A General Welder will be fully competent in manual welding using at least one arc process. General Welders are required in a number of sectors for example, the steel work construction sector.
Welding is a way to make high strength joints between two or more parts. A General Welder will use high electrical energy to form an arc. Manual dexterity is essential in controlling the arc, which is used to melt metals, allowing them to fuse together to form a structurally sound weld.
Welding is used extensively and in almost every sector of industry. There is a high demand for skilled General Welders in areas such as: automotive, marine, transport, general fabrication, construction and many more. General Welders produce items like components for cars; ships; rail vehicles; simple metallic containers; and steel-work for bridges, buildings and gantries. Welding is a safety critical occupation and every welder takes responsibility for the quality and accuracy of their work. General Welders are required to produce joints that satisfy basic quality standards in order to ensure that the finished products function correctly, contributing to the safety of all and the global quality of life. Skilled, qualified, professionally certified General Welders can work anywhere in the world and provide services in harshest of environments. For these accomplished professionals, the monetary rewards can be significant.
There is a highly complex range of welding skills: the different arc welding processes require different levels of manual dexterity, knowledge and skill to avoid making defective welds. There are a wide range of metallic materials that can be welded, each with different properties and behaviours.
Starting employment as an apprentice can occur throughout the year however the start-date for attending college for training, where required, might vary depending on the type of apprenticeship and will be communicated post-employment and sign-up.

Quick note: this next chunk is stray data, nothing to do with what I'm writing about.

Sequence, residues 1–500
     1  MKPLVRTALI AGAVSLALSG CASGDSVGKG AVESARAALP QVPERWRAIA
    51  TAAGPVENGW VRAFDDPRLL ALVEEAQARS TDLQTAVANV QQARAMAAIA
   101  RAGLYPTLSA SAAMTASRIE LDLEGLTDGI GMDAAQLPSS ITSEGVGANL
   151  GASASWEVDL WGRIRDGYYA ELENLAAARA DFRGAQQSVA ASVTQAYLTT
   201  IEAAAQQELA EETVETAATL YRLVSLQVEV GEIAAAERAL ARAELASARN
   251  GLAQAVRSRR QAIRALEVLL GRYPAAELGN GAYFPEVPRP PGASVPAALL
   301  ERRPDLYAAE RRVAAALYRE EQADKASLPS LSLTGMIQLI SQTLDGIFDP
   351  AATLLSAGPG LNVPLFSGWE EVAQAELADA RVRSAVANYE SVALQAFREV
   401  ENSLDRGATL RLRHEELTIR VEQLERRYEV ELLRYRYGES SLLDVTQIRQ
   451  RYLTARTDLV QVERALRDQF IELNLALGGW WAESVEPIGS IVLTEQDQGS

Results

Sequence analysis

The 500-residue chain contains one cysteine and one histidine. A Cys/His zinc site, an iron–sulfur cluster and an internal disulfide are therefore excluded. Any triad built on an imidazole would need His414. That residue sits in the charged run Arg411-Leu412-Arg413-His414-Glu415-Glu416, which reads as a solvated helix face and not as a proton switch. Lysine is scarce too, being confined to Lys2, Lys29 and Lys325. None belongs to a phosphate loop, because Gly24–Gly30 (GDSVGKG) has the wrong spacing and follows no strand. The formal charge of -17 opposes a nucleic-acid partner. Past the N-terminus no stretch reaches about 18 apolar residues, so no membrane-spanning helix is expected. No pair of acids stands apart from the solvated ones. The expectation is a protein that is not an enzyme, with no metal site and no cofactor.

|Duration||Typically 18 months|
|Apprenticeship Funding Band (Levy paying employers)||£9,000|
|Employer Contribution Fee (Non-levy paying employers)||£450|
All fees, prices and funding information shown on this page are for courses starting in the 2021-22 academic year unless stated otherwise, and are correct at the time of entering/printing information, however these may be subject to change due to factors outside of our control. The College cannot accept legal or financial liability as a result of any such changes.
Courses fees are generally not confirmed for September until June / July due to the above factors.
The course information describes programmes offered by Colchester Institute. The College takes all reasonable steps to provide courses as described, but cannot guarantee provision. The information is for guidance and does not form any part of a contract.
The College reserves the right to update and amend information as and when necessary. Colchester Institute will do its best to provide the courses shown, but may have to modify or withdraw a course depending on customer demand and other factors.